Yet it is a big deal with most buyers.

The Z boards allow for that unlocked cpu to be OC. Factor in the cost of the board vs the B560 boards, the cost for better cpu cooling and the cost of the unlocked cpu vs the locked cpu. That difference will get you a 1TB nvme SSD with money left over.

www.newegg.com/p/N82E16813119372
ASUS PRIME Z590-P $189.99

www.newegg.com/p/N82E16813119384?Item=N82E16813119384
ASUS PRIME B560-PLUS $119.99
Posted on Reply
#128
Tom Sunday
efikkan
People are too fixated about specs, specs which they usually know little about. We have no confirmation of the launch window for Alder Lake. It could be very late 2021, but quite possibly later.

Intel Reports First-Quarter 2021 financial results on Thursday, April 22, 2021 at the close of market. I am quite sure that the Intel boys will then let the plain facts tell the story. Discussions with their major attending institutional investors will be addressing their "readily available" Z590 product (by then on the market in full swing) and the Alder Lake arrival and its progress later this year. The pallette of their Z590 CPU's which are produced in Intel very owned foundries is expected to be selling like hotcakes. It is said that many enthusiasts simply cannot wait any longer to upgrade and then additionally to relish in the Z590 motherboard offerings. Better chipset expansion and PCIe 4.0 leading the way. Wall Street in turn is no longer in favor of AMD and prefers Intel as it can deliver for now guaranteed CPU production, deliveries and sales unlike AMD. It is well known that AMD has major production problems and is already in talk to expanding its subcontracting of their chipsets. TSMC, the world’s largest contract manufacturer of chipsets was not able to meet AMD's expectations. The engagement of an additional (overseas) new chip contractor will however take time as to complete factory retooling is necessary and as much as 120-180 days before full production is realized. AMD once the investment darling has also recently dropped in stock value and the fact remains that Wall Street has no memory. My take-away: AMD should get their own USA based foundries and get complete control of their fate and not finding it overseas. Furthermore, there are downsides to working with multiple foundry partners. AMD would be paying twice to design the same CPU, and each version would have to be customized to the foundry it was built on. We are living in interesting times.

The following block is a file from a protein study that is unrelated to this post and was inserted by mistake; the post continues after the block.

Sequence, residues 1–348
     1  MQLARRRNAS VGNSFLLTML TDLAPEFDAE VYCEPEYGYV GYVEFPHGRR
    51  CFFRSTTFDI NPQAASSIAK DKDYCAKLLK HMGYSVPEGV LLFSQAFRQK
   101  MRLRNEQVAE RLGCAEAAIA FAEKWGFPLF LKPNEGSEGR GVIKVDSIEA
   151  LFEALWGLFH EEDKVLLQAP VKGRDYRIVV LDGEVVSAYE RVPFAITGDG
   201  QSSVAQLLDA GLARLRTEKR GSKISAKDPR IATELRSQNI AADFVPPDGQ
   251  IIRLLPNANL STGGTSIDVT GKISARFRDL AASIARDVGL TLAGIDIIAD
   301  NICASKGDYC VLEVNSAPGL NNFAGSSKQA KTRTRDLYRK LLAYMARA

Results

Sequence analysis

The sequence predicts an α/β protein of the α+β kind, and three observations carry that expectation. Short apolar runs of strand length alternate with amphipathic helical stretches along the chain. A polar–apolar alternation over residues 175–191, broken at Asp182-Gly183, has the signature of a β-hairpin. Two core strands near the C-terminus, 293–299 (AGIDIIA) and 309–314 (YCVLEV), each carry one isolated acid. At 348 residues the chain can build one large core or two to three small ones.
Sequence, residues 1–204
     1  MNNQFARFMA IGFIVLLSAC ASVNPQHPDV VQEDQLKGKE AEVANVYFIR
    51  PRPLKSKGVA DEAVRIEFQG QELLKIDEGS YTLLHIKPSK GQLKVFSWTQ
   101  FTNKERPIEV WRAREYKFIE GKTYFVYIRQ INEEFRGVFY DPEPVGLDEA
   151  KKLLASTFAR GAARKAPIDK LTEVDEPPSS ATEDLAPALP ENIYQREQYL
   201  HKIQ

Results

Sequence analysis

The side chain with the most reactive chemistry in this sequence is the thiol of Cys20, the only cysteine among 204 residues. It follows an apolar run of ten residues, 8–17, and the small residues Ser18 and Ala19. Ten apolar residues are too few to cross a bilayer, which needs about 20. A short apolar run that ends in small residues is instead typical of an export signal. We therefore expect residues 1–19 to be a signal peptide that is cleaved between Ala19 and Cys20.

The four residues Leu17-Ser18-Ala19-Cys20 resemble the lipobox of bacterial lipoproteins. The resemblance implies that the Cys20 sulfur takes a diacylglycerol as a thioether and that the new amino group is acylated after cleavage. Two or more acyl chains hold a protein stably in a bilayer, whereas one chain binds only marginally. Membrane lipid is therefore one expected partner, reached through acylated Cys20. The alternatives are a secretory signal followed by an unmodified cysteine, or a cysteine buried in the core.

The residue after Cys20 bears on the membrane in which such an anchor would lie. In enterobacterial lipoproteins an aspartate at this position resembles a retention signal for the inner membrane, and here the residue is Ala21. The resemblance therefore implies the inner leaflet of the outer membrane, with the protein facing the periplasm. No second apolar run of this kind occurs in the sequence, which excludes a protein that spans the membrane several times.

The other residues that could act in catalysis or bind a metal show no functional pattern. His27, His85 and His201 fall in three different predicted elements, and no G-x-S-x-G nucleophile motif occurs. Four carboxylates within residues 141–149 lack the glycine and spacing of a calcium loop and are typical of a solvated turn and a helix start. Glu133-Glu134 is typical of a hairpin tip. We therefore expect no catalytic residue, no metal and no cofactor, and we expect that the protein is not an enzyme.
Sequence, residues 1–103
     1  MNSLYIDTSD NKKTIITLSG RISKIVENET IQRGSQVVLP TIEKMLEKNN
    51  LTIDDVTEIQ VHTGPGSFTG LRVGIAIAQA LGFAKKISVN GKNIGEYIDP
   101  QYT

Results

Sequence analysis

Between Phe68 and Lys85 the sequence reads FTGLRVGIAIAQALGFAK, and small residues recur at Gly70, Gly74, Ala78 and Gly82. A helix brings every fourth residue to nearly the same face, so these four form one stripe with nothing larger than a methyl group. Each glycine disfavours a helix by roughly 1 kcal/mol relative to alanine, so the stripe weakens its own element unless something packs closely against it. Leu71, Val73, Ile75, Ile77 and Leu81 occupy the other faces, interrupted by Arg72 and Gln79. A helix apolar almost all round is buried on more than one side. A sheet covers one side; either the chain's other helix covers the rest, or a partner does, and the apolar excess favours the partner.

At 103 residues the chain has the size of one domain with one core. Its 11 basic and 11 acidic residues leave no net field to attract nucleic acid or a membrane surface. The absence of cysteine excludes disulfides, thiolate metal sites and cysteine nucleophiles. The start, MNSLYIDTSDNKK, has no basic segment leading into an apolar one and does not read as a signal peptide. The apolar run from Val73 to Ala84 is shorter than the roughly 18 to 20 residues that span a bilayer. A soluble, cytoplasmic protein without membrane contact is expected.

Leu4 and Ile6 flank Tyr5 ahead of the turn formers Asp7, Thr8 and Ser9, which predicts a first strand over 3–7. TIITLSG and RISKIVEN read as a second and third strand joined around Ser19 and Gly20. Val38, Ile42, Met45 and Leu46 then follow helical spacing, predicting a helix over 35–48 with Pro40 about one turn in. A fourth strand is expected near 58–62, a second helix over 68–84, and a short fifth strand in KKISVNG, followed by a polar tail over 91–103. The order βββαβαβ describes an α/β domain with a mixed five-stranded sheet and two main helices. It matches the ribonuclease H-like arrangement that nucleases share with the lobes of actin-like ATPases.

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#129
Why_Me
Rocket Lake cpu's listed on US & UK sites for less than 48 hours now and they're already dropping the prices on those cpu's. Intel once again showing the :love:
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#130
Octopuss
Unmatched power consumption too?
(haven't made up my mind whether it's even worth reading the article yet :D)
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#131
Tom Sunday
Why_Me
Rocket Lake cpu's listed on US & UK sites for less than 48 hours now and they're already dropping the prices on those cpu's.
Yes Sir...I love competition and what it does for the man on the street like me. With WFH and part-time jobs with no benefits prevailing cash remains king. I am dreaming about a Z590 Asus mobo as well but those prices are also out of reach. Perhaps coming-off a 10 plus year older PC set-up, I should consider in going with a Z490 upgrade approach and wait for those hardware components to go on sale.Thoughts?
Posted on Reply
#132
Why_Me
Tom Sunday
Yes Sir...I love competition and what it does for the man on the street like me. With WFH and part-time jobs with no benefits prevailing cash remains king. I am dreaming about a Z590 Asus mobo as well but those prices are also out of reach. Perhaps coming-off a 10 plus year older PC set-up, I should consider in going with a Z490 upgrade approach and wait for those hardware components to go on sale.Thoughts?
Tough to recommend a Z board and unlocked cpu these days when the locked cpu's are going head to head with the unlocked cpu's by a simple manipulation of the block multiplier on a B560 board.
Posted on Reply
#133
agentnathan009
Why_Me
Rocket Lake cpu's listed on US & UK sites for less than 48 hours now and they're already dropping the prices on those cpu's. Intel once again showing the :love:
Nah, they are admitting they have an inferior product!
Posted on Reply
#134
Why_Me
agentnathan009
Nah, they are admitting they have an inferior product!